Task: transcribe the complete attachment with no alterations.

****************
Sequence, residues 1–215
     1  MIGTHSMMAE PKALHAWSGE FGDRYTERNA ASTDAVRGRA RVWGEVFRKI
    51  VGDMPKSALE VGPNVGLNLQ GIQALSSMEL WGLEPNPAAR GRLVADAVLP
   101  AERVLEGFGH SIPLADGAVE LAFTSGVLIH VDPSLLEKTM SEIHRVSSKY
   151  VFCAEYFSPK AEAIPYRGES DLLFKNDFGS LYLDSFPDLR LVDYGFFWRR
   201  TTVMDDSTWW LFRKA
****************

Sequence, residues 1–215
     1  MIGTHSMMAE PKALHAWSGE FGDRYTERNA ASTDAVRGRA RVWGEVFRKI
    51  VGDMPKSALE VGPNVGLNLQ GIQALSSMEL WGLEPNPAAR GRLVADAVLP
   101  AERVLEGFGH SIPLADGAVE LAFTSGVLIH VDPSLLEKTM SEIHRVSSKY
   151  VFCAEYFSPK AEAIPYRGES DLLFKNDFGS LYLDSFPDLR LVDYGFFWRR
   201  TTVMDDSTWW LFRKA